Sales of construction products have risen for the fourteenth consecutive quarter, according to the first post-Brexit Construction Product Association ‘State of Trade’ survey.
Q3 2016 saw manufacturers moved from a pessimistic stance to an optimistic one regarding near-term prospects. Other key survey findings included:
- A balance of 26% of heavy side firms and 50% of light side firms reported that construction product sales rose in the third quarter of 2016 compared with Q2
- On an annual basis, sales rose for 68% of heavy side firms and 60% of firms on the light side, on balance
- On balance, 45% of heavy side manufacturers anticipated a rise in sales in Q4, improving from a balance of -13% in Q2
- On the light side, 67% of firms expected an increase in product sales in the next quarter, compared to a zero balance in Q2
- 42% of heavy side firms and 40% of light side firms anticipated an increase in export sales over the next year
- Annual cost increases were reported by 57% of heavy side manufacturers and 56% of those on the light side
“Construction product manufacturers reported an increase in sales during Q3, suggesting that construction activity remained resilient following initial uncertainty in the run-up to, and immediately after, the EU referendum in June,” said Rebecca Larkin, CPA Senior Economist.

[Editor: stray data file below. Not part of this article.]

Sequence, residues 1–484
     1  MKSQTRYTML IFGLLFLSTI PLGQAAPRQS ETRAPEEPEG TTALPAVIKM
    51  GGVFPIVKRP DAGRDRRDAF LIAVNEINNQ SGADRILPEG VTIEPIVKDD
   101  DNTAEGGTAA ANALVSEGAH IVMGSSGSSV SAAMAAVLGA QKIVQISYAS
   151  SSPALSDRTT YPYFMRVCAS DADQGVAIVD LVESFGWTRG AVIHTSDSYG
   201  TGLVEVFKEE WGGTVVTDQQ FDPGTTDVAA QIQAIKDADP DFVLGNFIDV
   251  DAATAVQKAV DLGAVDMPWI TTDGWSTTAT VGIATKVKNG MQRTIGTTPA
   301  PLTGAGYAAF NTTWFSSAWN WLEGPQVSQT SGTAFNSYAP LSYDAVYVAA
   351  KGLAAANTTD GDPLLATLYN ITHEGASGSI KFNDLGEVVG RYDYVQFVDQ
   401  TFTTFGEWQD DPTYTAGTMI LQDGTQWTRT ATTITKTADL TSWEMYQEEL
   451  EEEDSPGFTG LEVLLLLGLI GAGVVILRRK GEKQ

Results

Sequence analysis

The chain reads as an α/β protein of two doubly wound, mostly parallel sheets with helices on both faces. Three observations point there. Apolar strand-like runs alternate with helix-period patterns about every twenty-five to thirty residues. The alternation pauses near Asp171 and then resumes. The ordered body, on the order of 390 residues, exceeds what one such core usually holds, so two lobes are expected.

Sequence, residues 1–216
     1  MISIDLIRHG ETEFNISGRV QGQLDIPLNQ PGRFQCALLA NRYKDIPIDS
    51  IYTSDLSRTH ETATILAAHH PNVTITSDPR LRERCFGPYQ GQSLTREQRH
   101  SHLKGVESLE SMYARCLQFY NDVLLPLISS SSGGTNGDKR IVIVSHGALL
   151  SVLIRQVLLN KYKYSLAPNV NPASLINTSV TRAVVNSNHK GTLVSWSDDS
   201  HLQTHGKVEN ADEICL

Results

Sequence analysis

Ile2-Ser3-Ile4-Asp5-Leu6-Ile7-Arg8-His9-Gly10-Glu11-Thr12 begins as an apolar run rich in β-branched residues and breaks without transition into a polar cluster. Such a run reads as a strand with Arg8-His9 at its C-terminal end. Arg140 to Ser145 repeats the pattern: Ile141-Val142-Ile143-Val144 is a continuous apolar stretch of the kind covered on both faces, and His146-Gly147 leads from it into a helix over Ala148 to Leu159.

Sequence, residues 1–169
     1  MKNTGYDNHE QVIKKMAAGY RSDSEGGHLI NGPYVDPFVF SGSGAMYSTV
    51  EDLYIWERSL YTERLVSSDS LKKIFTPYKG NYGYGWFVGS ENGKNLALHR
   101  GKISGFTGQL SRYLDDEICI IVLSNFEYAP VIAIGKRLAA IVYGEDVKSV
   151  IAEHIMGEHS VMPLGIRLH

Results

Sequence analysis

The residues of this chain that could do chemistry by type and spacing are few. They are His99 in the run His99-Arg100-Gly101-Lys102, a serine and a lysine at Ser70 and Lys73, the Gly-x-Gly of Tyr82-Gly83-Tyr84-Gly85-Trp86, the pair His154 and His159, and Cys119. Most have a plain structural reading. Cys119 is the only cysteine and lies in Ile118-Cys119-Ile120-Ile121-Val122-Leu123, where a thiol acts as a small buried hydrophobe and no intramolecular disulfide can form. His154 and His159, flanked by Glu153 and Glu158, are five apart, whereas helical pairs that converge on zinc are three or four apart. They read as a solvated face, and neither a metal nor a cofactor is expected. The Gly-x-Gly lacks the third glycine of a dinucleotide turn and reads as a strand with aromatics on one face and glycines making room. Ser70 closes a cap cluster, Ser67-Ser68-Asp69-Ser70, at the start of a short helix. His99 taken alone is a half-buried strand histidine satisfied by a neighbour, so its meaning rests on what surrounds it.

“A balance of 26% of heavy side firms reported a quarter-on-quarter rise in sales in Q3, although this was lower than the balance of 52% recorded in Q2. Quarterly sales rose according to half of manufacturers on the light side, which was the highest balance since 2015 Q1 and an increase from 38% in Q2.
“In contrast to pre-referendum pessimism evident in manufacturers’ forward-looking views in last quarter’s survey, expectations for near-term sales turned markedly higher in Q3. On balance, 45% of heavy side firms and 67% of those on the light side anticipated rising sales over the next three months and this optimism extends for performance over the next 12 months.
“Interestingly, the sharp depreciation in Sterling does not appear to have translated into an increase in export sales in our sector. Instead, the effect of the weak currency has been manifested in rising costs for imported raw materials and higher fuel bills, adding to the existing inflationary pressures on wages created by skills shortages. Nevertheless, manufacturers anticipated a pickup in overseas sales over the next 12 months.”